As the growth of the world's population requires the continued search for residential space, the urbanization of natural lands is an inevitable process, but that process does not have to be one that is accomplished without regard for environmental quality. This book presents the unique perspective of naturbanization, the urbanization of protected and highly valued natural spaces that are geographically removed from current urban centers. It discusses the search and selection of new residential spaces, economic planning and policy in such areas, environmentally sensitive construction, and public investment in infrastructure to make the areas more accessible and habitable.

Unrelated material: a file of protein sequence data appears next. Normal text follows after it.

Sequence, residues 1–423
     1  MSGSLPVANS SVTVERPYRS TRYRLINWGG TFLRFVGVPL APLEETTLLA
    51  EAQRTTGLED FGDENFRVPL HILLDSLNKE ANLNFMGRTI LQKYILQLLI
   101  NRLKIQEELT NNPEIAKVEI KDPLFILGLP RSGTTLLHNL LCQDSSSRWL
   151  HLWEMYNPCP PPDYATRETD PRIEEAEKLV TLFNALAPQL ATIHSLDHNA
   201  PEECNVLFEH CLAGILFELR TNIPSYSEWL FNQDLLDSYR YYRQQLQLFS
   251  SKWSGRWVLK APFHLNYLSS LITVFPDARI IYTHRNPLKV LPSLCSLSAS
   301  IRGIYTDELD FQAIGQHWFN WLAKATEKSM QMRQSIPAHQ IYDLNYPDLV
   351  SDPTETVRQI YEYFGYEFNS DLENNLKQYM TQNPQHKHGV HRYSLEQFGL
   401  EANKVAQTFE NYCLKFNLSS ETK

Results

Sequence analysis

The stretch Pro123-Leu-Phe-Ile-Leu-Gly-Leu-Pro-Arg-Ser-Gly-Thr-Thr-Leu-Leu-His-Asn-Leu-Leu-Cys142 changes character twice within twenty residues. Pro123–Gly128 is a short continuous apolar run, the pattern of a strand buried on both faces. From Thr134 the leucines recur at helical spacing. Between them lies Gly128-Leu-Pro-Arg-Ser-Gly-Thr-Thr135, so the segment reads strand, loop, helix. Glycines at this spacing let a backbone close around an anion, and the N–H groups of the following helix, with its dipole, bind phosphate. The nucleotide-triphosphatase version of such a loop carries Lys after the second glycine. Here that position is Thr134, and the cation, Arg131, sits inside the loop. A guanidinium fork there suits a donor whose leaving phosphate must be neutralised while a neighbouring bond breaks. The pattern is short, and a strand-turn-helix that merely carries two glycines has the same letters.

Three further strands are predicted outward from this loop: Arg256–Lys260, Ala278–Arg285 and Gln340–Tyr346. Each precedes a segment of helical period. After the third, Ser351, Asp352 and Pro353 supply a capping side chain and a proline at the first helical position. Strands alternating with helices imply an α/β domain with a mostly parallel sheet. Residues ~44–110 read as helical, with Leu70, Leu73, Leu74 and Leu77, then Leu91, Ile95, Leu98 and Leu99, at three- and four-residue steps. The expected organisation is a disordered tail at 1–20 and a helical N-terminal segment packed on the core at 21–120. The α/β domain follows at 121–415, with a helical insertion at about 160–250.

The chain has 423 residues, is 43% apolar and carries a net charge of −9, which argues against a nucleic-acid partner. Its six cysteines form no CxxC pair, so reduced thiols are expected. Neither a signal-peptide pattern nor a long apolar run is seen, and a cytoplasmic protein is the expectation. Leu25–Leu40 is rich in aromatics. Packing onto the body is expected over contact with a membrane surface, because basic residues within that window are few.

Specifically, the book analyzes naturbanization as it is occurring in National Parks located along the European Union borders. Recent declarations have made the parks more accessible to development and consequently they are serving as models for ways to reach workable solutions and encourage the sort of economic development that will satisfy both developers and environmentalists